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Clustering In A High-Dimensional Space UsingHypergraph Models ∗

Eui-Hong (Sam) Han George Karypis Vipin Kumar

Bamshad MobasherDepartment of Computer Science and Engineering/Army HPC Research Center

University of Minnesota4-192 EECS Bldg., 200 Union St. SE

Minneapolis, MN 55455, USA(612) 626 - 7503

fhan,karypis,kumar,[email protected]

Abstract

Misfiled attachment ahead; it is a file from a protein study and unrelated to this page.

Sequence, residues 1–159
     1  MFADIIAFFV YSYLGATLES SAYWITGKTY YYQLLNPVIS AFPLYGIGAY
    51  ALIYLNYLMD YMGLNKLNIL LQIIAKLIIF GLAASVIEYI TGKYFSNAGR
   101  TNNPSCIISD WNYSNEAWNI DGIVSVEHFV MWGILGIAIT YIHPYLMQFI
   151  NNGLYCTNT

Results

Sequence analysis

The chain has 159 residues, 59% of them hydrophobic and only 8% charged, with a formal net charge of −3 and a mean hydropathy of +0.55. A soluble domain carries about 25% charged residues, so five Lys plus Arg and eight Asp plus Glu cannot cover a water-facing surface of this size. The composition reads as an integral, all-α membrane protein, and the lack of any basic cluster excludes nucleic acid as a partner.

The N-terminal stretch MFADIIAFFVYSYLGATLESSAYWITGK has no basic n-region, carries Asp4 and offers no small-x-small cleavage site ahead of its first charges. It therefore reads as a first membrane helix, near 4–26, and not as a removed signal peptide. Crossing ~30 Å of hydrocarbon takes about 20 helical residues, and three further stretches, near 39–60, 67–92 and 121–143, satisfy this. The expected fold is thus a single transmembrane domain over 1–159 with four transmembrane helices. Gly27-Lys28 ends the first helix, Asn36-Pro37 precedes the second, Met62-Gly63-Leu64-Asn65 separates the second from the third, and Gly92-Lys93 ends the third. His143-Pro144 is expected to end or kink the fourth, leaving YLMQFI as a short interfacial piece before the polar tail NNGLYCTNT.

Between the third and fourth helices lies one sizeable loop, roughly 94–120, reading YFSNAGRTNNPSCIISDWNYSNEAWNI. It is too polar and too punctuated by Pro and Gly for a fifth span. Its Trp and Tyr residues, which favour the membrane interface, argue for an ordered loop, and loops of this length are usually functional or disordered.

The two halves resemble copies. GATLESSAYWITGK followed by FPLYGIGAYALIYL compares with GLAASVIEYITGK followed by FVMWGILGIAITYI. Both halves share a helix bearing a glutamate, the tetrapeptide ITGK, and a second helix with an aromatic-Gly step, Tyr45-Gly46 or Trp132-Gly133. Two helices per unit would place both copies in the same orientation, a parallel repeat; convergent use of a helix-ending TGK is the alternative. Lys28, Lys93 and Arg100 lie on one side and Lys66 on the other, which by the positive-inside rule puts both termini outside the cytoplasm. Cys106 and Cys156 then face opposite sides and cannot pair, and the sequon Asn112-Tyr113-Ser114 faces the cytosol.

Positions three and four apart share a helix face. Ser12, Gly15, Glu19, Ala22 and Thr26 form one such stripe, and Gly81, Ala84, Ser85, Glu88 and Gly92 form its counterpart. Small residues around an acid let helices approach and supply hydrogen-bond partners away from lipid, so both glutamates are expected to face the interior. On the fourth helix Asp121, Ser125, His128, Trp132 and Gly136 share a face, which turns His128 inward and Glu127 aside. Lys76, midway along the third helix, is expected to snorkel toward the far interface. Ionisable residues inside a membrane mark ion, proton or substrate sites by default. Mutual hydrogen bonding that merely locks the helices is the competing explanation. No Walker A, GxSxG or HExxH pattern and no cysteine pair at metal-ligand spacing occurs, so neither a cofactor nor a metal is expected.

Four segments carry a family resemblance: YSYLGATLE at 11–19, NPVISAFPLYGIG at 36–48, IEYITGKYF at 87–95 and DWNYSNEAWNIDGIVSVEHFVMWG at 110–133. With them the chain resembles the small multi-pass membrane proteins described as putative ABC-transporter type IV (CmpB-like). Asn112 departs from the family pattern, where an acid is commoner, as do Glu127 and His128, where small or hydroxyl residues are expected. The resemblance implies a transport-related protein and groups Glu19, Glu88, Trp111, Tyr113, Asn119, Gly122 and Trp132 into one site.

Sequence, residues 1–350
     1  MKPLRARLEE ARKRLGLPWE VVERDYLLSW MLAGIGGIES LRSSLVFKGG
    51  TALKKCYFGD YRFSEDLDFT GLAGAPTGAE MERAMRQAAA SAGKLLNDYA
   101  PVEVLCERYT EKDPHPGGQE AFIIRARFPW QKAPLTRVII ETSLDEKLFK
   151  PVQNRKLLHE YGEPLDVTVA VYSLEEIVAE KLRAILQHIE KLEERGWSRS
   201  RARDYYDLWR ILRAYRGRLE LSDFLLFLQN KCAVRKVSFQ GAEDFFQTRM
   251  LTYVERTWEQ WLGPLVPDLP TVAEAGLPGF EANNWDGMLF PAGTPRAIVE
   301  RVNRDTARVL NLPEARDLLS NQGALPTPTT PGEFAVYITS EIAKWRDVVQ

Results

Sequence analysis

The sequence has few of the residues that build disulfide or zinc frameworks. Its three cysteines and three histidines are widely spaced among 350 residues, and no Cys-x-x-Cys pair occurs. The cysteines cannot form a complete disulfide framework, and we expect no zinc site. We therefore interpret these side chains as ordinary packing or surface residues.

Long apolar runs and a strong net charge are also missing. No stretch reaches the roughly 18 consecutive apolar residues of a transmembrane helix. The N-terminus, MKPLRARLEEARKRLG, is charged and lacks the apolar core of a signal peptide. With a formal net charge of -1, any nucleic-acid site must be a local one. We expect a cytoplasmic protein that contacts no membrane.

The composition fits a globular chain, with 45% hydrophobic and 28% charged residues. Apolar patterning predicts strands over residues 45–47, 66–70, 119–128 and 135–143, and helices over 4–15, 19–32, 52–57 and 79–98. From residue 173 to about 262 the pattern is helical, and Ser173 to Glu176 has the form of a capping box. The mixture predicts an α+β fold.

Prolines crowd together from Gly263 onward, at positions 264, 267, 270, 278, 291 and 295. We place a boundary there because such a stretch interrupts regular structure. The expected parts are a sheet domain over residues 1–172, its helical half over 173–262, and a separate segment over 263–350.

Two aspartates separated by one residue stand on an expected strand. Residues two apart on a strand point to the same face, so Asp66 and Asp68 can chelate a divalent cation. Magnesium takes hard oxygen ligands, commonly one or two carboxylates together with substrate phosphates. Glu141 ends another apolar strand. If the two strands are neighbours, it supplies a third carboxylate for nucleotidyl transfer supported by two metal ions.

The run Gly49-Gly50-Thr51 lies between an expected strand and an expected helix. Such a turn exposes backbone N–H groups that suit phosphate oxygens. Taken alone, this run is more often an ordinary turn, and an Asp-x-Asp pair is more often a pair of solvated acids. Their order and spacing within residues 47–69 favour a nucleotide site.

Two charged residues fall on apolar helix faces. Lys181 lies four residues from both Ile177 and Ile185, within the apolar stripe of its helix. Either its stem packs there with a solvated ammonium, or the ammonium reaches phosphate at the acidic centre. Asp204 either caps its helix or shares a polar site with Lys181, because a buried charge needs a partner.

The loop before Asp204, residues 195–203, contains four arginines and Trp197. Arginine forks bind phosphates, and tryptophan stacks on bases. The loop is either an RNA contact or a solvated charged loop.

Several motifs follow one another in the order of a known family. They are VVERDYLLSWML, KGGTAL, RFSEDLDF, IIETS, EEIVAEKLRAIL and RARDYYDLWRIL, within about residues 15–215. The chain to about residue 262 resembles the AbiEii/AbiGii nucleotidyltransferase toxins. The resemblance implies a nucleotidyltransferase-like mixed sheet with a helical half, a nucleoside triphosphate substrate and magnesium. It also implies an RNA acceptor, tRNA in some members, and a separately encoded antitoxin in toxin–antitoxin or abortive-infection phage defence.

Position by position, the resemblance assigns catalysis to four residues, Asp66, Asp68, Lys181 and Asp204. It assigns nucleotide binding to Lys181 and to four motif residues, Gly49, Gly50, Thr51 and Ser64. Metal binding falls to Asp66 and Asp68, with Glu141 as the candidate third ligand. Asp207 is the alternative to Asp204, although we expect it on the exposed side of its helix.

Clustering of data in a large dimension space is of a great interest in many data mining applications.Most of the traditional algorithms such as K-means or AutoClass fail to produce meaningful clusters in suchdata sets even when they are used with well known dimensionality reduction techniques such as PrincipalComponent Analysis and Latent Semantic Indexing. In this paper, we propose a method for clustering ofdata in a high dimensional space based on a hypergraph model. The hypergraph model maps the relation-ship present in the original data in high dimensional space into a hypergraph. A hyperedge represents arelationship (affinity) among subsets of data and the weight of the hyperedge reflects the strength of thisaffinity. A hypergraph partitioning algorithm is used to find a partitioning of the vertices such that thecorresponding data items in each partition are highly related and the weight of the hyperedges cut by thepartitioning is minimized. We present results of experiments on three different data sets: S&P500 stockdata for the period of 1994-1996, protein coding data, and Web document data. Wherever applicable, wecompared our results with those of AutoClass and K-means clustering algorithm on original data as well ason the reduced dimensionality data obtained via Principal Component Analysis or Latent Semantic Index-ing scheme. These experiments demonstrate that our approach is applicable and effective in a wide rangeof domains. More specifically, our approach performed much better than traditional schemes for high di-mensional data sets in terms of quality of clusters and runtime. Our approach was also able to filter outnoise data from the clusters very effectively without compromising the quality of the clusters.